Stop-action photography has become an integral part of our lives. It allows us to watch the beauty of a dancer, the grace of an athlete or the motion of an animal one frame at a time. It is hard to believe that until Edweard Muybridge began his study of animal locomotion with photography in the late 19th century, we were limited to only what the eye could see or what was in a single photograph. In celebration of Muybridge’s birthday, the Library of Congress has uploaded a number of Muybridge’s Animal Locomotion images from its collections into Flickr.
The horse in motion, illus. by Muybridge. “Sallie Gardner,” owned by Leland Stanford, running at a 1:40 gait over the Palo Alto track, 19 June 1878: 2 frames showing diagram of foot movements
Colleagues in both the Prints and Photographs Division and the Science Division found plenty to write about this set, underscoring how it straddles science, technology, and art. In “Eadweard Muybridge: Birth of a Photographic Pioneer” Kristi Finefield noted how the camera recorded and revealed new insights about motion. “What the human eye could not capture at the time, Muybridge’s series of cameras, often operating on timers, could. And so, viewers of the late 19th century were able to see in a sequence of photos every step taken by a horse at full gallop, the sleek movements of a cat running and each flap of the wings of a bird in flight.” In “Animal Locomotion: From Antiquity to the 21st Century,” Jennifer Harbster traces the history of the study of animal locomotion. She suggests that “By studying nature and observing animal movement scientists can better understand biomechanics, physiology, evolution, physics, and engineering.” And so, we might add, can students!
Students can examine Muybridge’s work, including a few examples of zoopraxiscopes which helped to bring movement to still images. How can students use Muybridge’s photographs as part of science and artistic activities? Here are a few suggestions:
- Ask students to select one sequence of “Animal locomotion” images, perhaps a horse or a cat running, and compare the sequence to the experience watching the action. What can be learned from the images that is not observable from the live action?
- Direct students to one of Muybridge’s images of birds in motion. How might a sequence of a bird in flight have shaped the experiments of early aviators?
The zoopraxiscope – a couple waltzing
- Invite students to brainstorm as many ways as they can that this technology has changed the way we live our lives. What scientific or technological developments were made easier because of this technology?
- Kristi explained that the zoopraxiscope was a device Muybridge developed for use in presentations, giving the audience the impression of movement. What might you learn about dance from seeing a zoopraxiscope of a couple waltzing?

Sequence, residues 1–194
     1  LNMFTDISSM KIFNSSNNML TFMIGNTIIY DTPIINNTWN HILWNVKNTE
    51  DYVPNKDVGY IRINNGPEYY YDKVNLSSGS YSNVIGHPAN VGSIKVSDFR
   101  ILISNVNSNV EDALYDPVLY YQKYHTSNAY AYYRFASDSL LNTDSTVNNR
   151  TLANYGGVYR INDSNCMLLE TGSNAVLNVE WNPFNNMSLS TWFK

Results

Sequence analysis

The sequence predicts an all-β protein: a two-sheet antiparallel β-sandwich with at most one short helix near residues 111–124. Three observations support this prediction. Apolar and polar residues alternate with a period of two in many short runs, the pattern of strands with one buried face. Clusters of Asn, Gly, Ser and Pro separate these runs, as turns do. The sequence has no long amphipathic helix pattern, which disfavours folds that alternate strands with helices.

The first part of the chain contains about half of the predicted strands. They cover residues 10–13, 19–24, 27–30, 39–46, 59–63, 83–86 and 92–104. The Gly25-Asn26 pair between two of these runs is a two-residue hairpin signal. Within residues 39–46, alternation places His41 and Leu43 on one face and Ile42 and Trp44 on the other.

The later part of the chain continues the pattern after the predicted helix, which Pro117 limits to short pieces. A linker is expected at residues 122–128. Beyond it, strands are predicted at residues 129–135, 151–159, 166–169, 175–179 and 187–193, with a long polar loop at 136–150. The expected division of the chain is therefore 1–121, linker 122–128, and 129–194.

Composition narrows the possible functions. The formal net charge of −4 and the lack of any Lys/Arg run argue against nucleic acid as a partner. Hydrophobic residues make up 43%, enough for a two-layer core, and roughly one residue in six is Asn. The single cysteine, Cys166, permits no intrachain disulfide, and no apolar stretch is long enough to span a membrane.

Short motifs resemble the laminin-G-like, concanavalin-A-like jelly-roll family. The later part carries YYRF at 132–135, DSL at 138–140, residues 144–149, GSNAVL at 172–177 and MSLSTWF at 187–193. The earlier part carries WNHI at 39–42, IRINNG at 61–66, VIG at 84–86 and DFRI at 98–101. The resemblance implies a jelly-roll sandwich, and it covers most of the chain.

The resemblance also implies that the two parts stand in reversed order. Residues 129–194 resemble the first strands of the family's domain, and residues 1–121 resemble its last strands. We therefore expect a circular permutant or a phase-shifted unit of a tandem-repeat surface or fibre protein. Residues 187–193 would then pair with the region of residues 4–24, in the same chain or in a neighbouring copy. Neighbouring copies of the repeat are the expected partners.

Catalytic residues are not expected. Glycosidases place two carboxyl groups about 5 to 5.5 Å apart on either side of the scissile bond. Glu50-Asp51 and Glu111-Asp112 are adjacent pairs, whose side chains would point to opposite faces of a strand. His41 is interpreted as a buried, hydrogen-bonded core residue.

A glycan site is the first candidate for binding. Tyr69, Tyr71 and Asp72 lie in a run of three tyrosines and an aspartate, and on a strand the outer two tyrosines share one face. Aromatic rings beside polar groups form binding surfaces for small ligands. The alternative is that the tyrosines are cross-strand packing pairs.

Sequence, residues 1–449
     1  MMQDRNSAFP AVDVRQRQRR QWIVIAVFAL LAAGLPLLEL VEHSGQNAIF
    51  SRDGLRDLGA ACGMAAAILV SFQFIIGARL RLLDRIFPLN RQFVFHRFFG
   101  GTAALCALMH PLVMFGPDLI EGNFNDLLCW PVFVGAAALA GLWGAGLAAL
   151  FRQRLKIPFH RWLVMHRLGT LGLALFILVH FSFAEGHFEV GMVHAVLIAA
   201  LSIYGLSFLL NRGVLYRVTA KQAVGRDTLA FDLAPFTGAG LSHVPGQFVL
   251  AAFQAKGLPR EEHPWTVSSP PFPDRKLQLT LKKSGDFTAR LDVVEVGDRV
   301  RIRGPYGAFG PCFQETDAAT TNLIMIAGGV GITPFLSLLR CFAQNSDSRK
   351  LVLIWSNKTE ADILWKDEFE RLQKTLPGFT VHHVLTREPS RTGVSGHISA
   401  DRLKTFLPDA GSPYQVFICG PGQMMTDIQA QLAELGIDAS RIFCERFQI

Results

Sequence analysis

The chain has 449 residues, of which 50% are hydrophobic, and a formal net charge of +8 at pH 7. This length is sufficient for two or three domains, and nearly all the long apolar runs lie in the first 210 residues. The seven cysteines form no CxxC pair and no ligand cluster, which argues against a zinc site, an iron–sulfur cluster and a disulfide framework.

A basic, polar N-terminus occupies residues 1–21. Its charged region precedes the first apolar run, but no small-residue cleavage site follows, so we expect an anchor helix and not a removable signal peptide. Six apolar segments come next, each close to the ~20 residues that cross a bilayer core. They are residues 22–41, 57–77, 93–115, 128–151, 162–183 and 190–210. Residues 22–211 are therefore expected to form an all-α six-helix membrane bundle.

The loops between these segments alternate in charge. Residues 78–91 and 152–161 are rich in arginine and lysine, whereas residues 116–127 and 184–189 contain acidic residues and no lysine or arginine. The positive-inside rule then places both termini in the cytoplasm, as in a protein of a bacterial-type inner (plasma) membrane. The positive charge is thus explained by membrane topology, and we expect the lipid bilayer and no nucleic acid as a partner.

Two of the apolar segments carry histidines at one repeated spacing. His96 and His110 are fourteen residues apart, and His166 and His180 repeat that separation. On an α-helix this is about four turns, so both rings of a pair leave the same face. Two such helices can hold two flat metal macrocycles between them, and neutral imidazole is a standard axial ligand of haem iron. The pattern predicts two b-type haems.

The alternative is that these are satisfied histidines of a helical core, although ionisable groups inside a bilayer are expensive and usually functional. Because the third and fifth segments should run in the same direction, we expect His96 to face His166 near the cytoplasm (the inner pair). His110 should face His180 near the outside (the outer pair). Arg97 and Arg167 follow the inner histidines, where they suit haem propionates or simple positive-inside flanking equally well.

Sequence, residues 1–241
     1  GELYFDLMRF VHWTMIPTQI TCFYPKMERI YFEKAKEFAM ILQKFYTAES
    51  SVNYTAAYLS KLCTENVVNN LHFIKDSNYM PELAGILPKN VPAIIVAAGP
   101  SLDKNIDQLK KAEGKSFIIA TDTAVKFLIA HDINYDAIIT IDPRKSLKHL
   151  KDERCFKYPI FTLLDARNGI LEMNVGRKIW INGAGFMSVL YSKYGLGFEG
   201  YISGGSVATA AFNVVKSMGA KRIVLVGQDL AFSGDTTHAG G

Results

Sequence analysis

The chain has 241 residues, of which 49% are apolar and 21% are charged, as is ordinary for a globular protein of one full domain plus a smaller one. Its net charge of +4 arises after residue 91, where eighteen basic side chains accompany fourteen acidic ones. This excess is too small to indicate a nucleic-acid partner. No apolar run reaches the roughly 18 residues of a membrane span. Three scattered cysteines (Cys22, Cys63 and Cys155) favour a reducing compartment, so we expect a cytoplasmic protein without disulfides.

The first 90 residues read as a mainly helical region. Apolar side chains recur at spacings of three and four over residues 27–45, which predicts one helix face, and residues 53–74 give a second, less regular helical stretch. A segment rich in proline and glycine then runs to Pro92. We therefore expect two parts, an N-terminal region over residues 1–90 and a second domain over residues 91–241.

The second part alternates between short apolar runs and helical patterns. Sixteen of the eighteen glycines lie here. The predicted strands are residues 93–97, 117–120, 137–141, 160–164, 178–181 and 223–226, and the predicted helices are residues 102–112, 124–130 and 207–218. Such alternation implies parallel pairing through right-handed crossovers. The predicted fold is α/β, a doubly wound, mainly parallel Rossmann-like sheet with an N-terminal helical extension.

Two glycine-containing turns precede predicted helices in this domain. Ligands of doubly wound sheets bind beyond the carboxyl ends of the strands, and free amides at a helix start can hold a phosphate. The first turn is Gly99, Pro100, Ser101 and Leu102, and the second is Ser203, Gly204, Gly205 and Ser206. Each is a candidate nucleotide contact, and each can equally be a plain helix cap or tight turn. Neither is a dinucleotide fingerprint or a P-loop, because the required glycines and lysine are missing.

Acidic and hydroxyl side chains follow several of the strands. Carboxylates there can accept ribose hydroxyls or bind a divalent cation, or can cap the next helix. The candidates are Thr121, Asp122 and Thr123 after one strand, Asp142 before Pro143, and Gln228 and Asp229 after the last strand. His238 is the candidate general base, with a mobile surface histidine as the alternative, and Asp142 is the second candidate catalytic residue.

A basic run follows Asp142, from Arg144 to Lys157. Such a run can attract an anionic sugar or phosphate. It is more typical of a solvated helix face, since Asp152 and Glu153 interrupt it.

What do your students see differently through the lens of Edweard Muybridge?
Looking for ways to celebrate libraries and National Library Week using Library of Congress primary sources? Here are some suggestions.
In honor of National Poetry Month we decided to introduce you to Peter Armenti of the Digital Reference Team. You may have seen some of Peter’s work in the Library of Congress Blog, “From the Catbird Seat” where he highlights poetry resources from the Library’s collections.
T.S. Eliot thought April was the cruelest month. William Carlos Williams thought it was the saddest. Longfellow and Ogden Nash said they loved it, and Emily Dickinson was ambivalent, so far as I can tell. There’s at least one thing about April that they might all appreciate, though: It’s National Poetry Month, an opportunity for […]
This post is by Rebecca Newland, the Library of Congress 2013-14 Teacher in Residence. As a school librarian, I’ve found that book clubs can draw students into my library and into books by socializing reading. One way to engage students with what they’re reading, without turning an extra-curricular club into a class, is to introduce Library […]
April 1 is an appropriate day for remembering that, even though primary sources are a powerful teaching tool, they can also fool you.
Most people don’t think of dance as a way to bring history to life. Looking at dancers in photographs, films and other images and reading about dancing and its role in celebrations, commemorations and other events can help students learn about what issues and events were considered important in a community, how people celebrated, what mores and values were important and how people dressed when going to certain events.
April highlights include the celebration of the first Earth Day (introductory; advanced) and the assassination of Abraham Lincoln (introductory; advanced)
We engage our students in learning, and then we hope that their learning continues to spread, influencing others around them. Many times, we don’t see the effect of our influence until years later. In my role as a literacy coach, staff developer, and writing project teacher consultant, and because I don’t have students of my own, I always feel that my job is to drop pebbles and stand back as the professionals I work with create unpredictable and beautiful ripples.
Most of us take safe working conditions for granted, but few of us reflect that many of the regulations keeping us safe grew out of tragedy. On March 25, 1911, a fire swept through the Triangle Shirtwaist Factory in New York City, killing 146 men and women, many of them recent immigrants. It was later […]